It's alot harder then it looks - Page 2

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It's alot harder then it looks

This is a discussion on It's alot harder then it looks within the Jumping forums, part of the English Riding category

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    04-03-2008, 08:45 PM
Well the best thing to think about when jumping is don't do anything. The horse should be doing all the work. It doesn't mean it isn't hard, but you want to think about being quiet and effective and staying out of your horse's way. Keep a steady and consistant rhythm and maintain your balance along with your horse's balance. When your horse jumps you want to think about keeping your heel down (no knee pinching!) and keeping it really tight and still. Fold at the hip and think about pushing your hips back and out of the way (staying centered and clsoe to the seat) and absorbing the horse's energy. As you bend at the hip let your hand follow the horse's mouth and gently rest it on the crest. On landing make sure to keep your seat out of the tack and your hand forward and don't sit up too early. It takes a ton of practice and muscle development to be able to do it and the only way you can develop the muscle is by just practicing.
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    04-04-2008, 02:27 AM
Originally Posted by Roo B Tuesday
well the best thing to think about when jumping is don't do anything. The horse should be doing all the work.
yea the other week I kept encouraging the horse I was riding, so I had pushed the canter foward, so he would take off to early.
    04-04-2008, 02:28 AM
Its not exactly simple is it..

I also hate when non riders say to you "How hard is it to sit on a horse and go round and round in circle" of course talking about Dressage... they dnt relise going around in a circle their is SO much you have to do, not just sit their and steer... grrr makes me angry!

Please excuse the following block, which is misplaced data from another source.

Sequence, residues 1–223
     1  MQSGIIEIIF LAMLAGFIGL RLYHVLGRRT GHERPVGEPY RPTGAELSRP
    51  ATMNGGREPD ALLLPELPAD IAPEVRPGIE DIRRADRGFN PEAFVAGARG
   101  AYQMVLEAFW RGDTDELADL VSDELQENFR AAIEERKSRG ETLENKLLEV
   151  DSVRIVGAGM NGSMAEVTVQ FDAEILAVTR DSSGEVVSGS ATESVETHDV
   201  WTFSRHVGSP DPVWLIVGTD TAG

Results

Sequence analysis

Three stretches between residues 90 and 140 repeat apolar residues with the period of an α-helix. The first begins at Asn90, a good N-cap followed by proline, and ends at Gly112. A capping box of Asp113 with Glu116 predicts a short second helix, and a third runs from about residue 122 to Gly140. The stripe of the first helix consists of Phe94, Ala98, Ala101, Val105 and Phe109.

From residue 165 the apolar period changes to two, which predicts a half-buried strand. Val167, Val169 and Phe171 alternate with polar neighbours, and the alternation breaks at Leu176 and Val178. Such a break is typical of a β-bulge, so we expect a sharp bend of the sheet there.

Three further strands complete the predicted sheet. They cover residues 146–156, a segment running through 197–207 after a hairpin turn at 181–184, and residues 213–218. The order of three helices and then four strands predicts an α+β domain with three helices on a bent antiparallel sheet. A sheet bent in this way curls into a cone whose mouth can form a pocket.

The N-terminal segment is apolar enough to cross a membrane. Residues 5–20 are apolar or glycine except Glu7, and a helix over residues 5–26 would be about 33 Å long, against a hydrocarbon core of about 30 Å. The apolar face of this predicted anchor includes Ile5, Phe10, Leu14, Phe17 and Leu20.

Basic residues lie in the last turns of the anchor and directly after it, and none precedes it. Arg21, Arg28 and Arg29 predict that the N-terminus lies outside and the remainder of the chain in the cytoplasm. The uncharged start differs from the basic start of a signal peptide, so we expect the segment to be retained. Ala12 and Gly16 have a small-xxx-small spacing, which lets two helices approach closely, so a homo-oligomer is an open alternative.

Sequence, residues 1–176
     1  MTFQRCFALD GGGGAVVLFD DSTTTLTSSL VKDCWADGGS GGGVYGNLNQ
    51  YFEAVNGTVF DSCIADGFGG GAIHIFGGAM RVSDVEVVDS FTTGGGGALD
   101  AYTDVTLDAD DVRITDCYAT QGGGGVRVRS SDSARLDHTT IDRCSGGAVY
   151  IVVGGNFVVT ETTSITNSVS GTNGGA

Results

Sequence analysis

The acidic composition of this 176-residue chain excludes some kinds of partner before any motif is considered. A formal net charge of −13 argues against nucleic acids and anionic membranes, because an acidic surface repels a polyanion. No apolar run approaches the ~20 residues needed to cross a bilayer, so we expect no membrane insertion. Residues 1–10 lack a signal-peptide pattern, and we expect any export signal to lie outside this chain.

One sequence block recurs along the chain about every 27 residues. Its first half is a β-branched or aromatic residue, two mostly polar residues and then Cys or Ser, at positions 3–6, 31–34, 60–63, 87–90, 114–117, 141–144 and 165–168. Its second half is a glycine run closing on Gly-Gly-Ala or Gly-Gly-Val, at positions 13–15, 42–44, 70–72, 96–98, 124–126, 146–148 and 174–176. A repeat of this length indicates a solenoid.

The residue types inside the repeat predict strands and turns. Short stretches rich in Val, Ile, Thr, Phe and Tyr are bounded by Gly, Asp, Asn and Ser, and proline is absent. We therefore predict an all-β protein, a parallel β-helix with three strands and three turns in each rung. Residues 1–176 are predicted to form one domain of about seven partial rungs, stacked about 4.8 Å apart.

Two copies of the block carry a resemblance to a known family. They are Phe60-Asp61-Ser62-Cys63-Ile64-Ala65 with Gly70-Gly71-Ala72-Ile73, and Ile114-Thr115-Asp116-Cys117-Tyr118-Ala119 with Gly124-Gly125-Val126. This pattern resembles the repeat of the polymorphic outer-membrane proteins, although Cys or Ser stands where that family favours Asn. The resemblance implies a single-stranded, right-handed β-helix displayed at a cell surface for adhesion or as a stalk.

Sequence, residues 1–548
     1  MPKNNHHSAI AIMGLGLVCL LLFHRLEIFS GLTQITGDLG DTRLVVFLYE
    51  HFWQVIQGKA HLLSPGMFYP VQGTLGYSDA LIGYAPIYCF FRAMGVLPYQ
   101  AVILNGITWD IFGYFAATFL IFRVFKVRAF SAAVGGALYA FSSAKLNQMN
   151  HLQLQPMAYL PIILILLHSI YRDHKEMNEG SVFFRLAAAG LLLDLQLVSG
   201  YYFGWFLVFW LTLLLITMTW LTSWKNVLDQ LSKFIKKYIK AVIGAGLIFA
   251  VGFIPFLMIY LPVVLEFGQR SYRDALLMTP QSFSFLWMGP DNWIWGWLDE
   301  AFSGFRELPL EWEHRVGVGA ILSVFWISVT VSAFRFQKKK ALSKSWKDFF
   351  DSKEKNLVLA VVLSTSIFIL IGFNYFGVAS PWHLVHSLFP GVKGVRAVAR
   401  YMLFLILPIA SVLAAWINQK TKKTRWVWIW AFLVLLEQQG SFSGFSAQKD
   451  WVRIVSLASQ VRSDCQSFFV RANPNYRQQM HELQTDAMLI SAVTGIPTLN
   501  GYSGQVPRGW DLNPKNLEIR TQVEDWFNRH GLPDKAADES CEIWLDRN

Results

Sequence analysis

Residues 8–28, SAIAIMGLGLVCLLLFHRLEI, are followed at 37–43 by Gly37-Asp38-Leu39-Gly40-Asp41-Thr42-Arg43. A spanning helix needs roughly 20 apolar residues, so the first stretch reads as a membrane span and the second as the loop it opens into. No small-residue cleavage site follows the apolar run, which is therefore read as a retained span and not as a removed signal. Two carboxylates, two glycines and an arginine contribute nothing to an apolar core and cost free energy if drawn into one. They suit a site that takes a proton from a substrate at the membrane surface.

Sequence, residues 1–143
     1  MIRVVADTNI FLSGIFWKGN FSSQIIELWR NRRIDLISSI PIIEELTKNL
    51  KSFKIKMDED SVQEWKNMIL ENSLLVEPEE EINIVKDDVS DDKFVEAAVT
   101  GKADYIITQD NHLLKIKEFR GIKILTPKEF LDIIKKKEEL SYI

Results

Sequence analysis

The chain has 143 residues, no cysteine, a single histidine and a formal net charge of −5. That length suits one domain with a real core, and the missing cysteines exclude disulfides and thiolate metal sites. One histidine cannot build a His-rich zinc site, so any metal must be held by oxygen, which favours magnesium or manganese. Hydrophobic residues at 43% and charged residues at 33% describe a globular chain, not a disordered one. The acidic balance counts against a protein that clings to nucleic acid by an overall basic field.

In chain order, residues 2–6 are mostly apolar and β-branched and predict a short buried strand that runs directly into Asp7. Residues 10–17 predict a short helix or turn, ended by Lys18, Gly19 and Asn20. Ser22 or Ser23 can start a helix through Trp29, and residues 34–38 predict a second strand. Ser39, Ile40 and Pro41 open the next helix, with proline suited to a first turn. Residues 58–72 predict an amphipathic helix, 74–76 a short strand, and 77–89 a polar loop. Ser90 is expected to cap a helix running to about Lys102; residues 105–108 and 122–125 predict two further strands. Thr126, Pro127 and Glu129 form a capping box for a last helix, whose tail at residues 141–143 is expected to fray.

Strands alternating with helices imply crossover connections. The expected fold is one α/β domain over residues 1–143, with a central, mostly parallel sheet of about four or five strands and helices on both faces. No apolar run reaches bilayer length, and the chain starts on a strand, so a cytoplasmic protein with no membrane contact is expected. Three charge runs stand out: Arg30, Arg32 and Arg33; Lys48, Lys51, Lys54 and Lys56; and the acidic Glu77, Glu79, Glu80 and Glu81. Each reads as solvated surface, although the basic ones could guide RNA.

04-04-2008, 06:00 PM
Blossom, it's ok to have a light grip in your lower leg ... you have to grip some to keep your position when jumping. You should have an even grip through your thigh, knee, and calf.

If you're working too hard to avoid gripping with your calf, then you're probably gripping really hard with your knee, which is causing your heels to come up. If you aren't already, turn your toes out away from your horse's side (no more than 45 degrees). This will get the proper contact with your calf and anchor your leg and heel better.

You still have a little grip with the lower part of your inside thigh. Your seat should only be a few inches out of the saddle, so you should still have most of your leg on your horse.

With the stirrups, make sure that the outside bar is against your pinky toe and the stirrup angles across the ball of your foot. This position helps push the weight to the inside of your foot and is better for heels down.
    04-04-2008, 06:31 PM
Originally Posted by regardinghorses
With the stirrups, make sure that the outside bar is against your pinky toe and the stirrup angles across the ball of your foot. This position helps push the weight to the inside of your foot and is better for heels down.
I didn't know that. Thanks for that tip!
    04-05-2008, 12:32 AM